I'm trying to use the WITH clause and IF statement, but it does not seem to work and I cannot find any reason why it would not. Syntax should be correct and still it is complaining about the syntax.

The error I receive is "Incorrect syntax near ';'. I have tried removing ; characters, but then it says "Incorrect syntax near the keyword 'IF'.

Is it even possible to use the WITH and IF syntax like this? The query does work without the IF statements (with only one of the select queries).

With measurements as 
        (SELECT * from measurement_database1)
        UNION ALL
        (SELECT * from measurement_database2)
        UNION ALL
        (SELECT * from measurement_database3)

    IF @device= 'en1' AND @other_parameter= 'yes'
        select * from measurements where device like 'en1' and op like 'yes'
    IF @device= 'en2' AND @other_parameter= 'no'
        select * from measurements where device like 'en2' and op like 'no'
    IF @device= 'en3' AND @other_parameter= 'yes'
        select * from measurements where device like 'en3' and op like 'yes'

I'm running Microsoft SQL Server 2012 11.0.6607.3.

  • IF is a T-SQL statement, but not part of SQL. Oct 17, 2017 at 10:01

1 Answer 1


It may help you more if you think about it, not as a WITH statement but as a Common Table Expression (CTE).

That way you can go back to the Microsoft Documents on CTEs and read the following line;

A CTE must be followed by a single SELECT, INSERT, UPDATE, or DELETE statement that references some or all the CTE columns. A CTE can also be specified in a CREATE VIEW statement as part of the defining SELECT statement of the view.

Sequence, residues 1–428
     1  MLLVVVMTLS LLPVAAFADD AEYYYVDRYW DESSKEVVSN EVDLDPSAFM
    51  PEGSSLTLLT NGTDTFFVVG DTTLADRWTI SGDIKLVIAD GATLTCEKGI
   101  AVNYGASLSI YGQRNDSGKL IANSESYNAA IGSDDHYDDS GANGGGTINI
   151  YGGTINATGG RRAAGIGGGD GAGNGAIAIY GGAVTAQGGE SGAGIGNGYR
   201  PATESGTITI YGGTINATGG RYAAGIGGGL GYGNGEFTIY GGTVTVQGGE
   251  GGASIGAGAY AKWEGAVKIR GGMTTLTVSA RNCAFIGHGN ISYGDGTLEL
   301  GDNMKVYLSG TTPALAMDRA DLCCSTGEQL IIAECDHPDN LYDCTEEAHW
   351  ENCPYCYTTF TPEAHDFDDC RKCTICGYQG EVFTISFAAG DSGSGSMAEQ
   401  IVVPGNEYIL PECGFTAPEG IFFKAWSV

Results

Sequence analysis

Although technically you can define a CTE and then not reference it at all but then what would be the point in defining it? e.g.

WITH Missing AS (SELECT 'The Point' AS What)
SELECT * FROM sys.messages;

Going back to your case, you could rewrite it using CASE statements instead of IF statements but again what's the point? You don't need them.

You're query can be re-written to:

DECLARE @device char(3) = 'en3',
        @other_parameter varchar(3) = 'yes';
WITH measurements AS (
                         (SELECT    *
                          FROM  measurement_database1)
                         UNION ALL
                         (SELECT    *
                          FROM  measurement_database2)
                         UNION ALL
                         (SELECT    *
                          FROM  measurement_database3)
FROM    measurements
WHERE   device LIKE @device
  AND   op LIKE @other_parameter;

So there's no need of IF statements at all! HTH

  • 5
    Ah, yes. My first reaction whenever I see an IF in SQL is pretty much choking. My second reaction is typically to rip it out. Very, very rarely are IF statements necessarily in proper set-based SQL.
    – user
    Oct 16, 2017 at 13:12
  • 1
    Just as an exception WITH Missing AS (SELECT 'The Point' AS What) SELECT 'Foo' will give you an error Common table expression defined but not used. Oct 16, 2017 at 17:54
  • @MartinSmith The difference being you dropped the FROM sys.messages;, right? You can have unused tables you just need to use a table at least
    – Brad
    Oct 16, 2017 at 18:06
  • 1
    @MartinSmith oh that is just weird. What's the point of the Common table expression defined but not used. message really then? what problem is it solving if it's so easily circumvented?
    – Brad
    Oct 16, 2017 at 18:19
  • 2
    @Brad - No idea - I assume it may just be a simple check that happens at parse time. Oct 16, 2017 at 18:29

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